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Pastoral

The commitment to the pastoral care of our students begins when a place is offered and accepted. Each pupil will have a form tutor and junior forms also have sixth-form prefects who assist with the running of the tutor group.The Pastoral Care of each Year group is overseen by a Head of Year. The School child protection officer is the Headmaster (a copy of the Child Protection Policy can be viewed here)

The induction programme for Year 7 students is seen as a year-long process. It begins with the allocation of Forms.

Allocation of Forms

When the boys are allocated to Forms, 11+ scores are used to achieve an academic balance between the classes. Where there are a number of boys transferring from the same school, the Head of Year 7 seeks advice from year 6 teachers to ensure the division of boys across the Forms promotes the ‘best’ combination of personalities; there is a chance to consolidate relationships, make new friends and enjoy a new start.

As we believe that one of the major changes the boys have to face is travelling from home to school, groups of boys who travel from the same direction are placed in the same Form.

Each boy belongs to one of four Houses of Atwell, Hunt, Knott and Sebastian, in which he takes part in games and competitions. All boys wear uniform; in the Junior Years the coloured edging to a boy’s blazer indicates his House.

At the New Parents evening we encourage parents to identify, through tutors, those whose son(s) will have the same transport requirements. On the induction afternoon boys are encouraged to meet those boys and exchange phone numbers. This is regularly followed with get-togethers arranged by parents in the summer holiday preceding entry to Skinners’.

New Year 7 Parents’ Evening

In June there is a chance to introduce parents to the school and establish the first step towards the Home-School partnership. Parents also have the opportunity to talk to year 7 Form Tutors about concerns, additional educational needs or just to make reassuring contact. During the second term a Year 7 Parent/Tutor evening is organised. This is an early chance for parents to meet with form tutors to establish that a successful transition has been made to life at Skinners’.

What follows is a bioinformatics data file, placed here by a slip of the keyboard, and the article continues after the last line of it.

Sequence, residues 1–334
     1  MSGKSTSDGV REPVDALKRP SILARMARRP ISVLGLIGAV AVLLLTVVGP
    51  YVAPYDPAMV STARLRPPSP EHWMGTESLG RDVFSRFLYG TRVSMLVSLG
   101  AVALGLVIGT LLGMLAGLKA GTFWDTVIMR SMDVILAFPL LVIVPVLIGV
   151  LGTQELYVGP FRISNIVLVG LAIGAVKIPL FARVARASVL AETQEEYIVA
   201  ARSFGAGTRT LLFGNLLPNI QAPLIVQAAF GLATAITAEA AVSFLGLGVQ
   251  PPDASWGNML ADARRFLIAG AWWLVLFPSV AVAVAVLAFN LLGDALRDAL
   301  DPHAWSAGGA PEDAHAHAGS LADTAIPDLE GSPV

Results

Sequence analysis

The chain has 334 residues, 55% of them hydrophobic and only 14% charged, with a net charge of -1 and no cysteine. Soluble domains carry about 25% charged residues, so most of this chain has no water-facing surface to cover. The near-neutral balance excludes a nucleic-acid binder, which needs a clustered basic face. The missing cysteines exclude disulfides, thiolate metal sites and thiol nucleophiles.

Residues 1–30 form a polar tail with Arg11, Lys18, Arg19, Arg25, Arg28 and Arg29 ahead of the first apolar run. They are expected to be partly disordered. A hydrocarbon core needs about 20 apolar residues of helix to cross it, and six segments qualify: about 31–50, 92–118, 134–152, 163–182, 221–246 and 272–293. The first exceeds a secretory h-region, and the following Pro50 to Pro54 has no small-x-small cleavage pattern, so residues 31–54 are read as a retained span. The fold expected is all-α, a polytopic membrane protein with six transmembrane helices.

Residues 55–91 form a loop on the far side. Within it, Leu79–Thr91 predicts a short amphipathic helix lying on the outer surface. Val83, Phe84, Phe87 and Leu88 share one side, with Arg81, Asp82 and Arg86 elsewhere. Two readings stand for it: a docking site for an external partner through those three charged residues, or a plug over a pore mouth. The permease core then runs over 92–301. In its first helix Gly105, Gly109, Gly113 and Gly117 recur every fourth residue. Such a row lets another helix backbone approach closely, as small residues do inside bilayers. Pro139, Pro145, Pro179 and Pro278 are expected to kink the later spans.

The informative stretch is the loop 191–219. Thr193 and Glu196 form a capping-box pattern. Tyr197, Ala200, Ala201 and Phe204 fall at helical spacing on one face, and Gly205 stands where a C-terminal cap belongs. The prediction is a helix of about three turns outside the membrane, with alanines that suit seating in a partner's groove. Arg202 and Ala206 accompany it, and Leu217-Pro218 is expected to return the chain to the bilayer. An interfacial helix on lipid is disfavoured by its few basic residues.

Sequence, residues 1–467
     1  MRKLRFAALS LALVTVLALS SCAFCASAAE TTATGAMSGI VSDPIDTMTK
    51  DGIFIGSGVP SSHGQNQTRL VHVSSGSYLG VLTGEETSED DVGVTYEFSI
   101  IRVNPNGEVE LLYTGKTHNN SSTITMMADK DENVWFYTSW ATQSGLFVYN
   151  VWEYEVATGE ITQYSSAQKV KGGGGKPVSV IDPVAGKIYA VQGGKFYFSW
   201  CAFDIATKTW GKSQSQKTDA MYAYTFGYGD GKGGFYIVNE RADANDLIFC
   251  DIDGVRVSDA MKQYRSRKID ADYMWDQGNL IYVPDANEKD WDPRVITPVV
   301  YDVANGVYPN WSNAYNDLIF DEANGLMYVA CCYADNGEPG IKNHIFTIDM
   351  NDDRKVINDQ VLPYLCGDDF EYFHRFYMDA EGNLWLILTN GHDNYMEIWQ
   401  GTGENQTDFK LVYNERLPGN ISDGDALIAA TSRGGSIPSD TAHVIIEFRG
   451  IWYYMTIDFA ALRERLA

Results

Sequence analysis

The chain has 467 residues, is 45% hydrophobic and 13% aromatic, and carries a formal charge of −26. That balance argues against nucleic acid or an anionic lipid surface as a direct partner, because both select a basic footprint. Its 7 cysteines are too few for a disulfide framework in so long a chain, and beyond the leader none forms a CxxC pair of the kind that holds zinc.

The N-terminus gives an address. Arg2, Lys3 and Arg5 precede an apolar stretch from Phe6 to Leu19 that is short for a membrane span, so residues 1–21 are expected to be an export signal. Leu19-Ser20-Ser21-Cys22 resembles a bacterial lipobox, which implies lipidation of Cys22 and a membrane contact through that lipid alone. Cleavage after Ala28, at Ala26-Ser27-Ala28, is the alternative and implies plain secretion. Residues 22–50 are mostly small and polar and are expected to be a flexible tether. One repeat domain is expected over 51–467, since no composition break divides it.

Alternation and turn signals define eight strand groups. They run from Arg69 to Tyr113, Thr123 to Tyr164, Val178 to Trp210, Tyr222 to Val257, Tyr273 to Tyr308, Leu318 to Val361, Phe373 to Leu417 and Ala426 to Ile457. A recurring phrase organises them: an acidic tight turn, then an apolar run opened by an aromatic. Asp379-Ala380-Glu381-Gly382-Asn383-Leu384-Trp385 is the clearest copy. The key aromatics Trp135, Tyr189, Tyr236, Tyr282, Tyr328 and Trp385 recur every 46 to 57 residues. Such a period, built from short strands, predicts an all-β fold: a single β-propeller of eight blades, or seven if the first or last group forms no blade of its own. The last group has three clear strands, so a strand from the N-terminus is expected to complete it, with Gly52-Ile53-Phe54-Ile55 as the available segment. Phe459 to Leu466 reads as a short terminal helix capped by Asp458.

Visiting Feeder Schools

As we have a large number of feeder schools (usually around 50) the Head of Year 7 visits as many boys as possible in the familiar surroundings of their primary schools. Visits usually last one hour, during which time the boys can ask any questions about Skinners’ and we can gather useful information from the year 6 class teachers to help us build on the success of the primary years.

Induction Afternoons

Induction afternoons take place in July. Boys are invited to attend one of these afternoons. The support of 6th Formers is used to guide the new boys round the site and talk them through life at Skinners’ with the emphasis on answering any questions from a student’s perspective. The boys meet their new Form Tutors. Apart from familiarisation with the school the most important purpose of this afternoon is to introduce the boys to each other. 

Transition Activities

Before the Autumn term officially begins, the year 7 boys spend a ‘normal’ day in school. This introduces them in a more formal way to life at Skinners’. They are able to experience registration, assembly, break and lunch-time arrangements, plus two lessons and a games’ afternoon, all without the additional pressure of the rest of the students on site. Form Prefects help the boys to feel comfortable during the day and to feel part of their new community. Mr Johnson, The Head of Year 7 is also introducing (safe) social networking 'Connect' into the the range of transition activities.

Junior Form Prefects and Mentoring

The role of Form Prefect is a key one in ensuring the junior boys settle happily in the early weeks. In the following months the perceptive observations of the Prefects often alert tutors to concerns before they become problems. Parents, staff and boys acknowledge that our Prefects are a credit to the school, each bringing a unique contribution to the role. (The thoughtful and imaginative choice of leaving gifts from boys to ‘retiring’ Form Prefects speak volumes about how they are valued!)

The level of commitment of the older boys is a notable strength in our school. Each year lower sixth form volunteers follow an intensive programme to train as mentors.